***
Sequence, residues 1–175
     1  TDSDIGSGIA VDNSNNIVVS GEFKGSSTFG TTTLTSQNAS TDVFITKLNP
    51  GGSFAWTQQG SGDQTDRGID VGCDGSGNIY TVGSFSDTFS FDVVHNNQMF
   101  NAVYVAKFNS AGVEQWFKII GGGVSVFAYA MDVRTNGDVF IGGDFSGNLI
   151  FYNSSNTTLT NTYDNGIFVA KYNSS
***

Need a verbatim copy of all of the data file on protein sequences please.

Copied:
Sequence, residues 1–175
     1  TDSDIGSGIA VDNSNNIVVS GEFKGSSTFG TTTLTSQNAS TDVFITKLNP
    51  GGSFAWTQQG SGDQTDRGID VGCDGSGNIY TVGSFSDTFS FDVVHNNQMF
   101  NAVYVAKFNS AGVEQWFKII GGGVSVFAYA MDVRTNGDVF IGGDFSGNLI
   151  FYNSSNTTLT NTYDNGIFVA KYNSS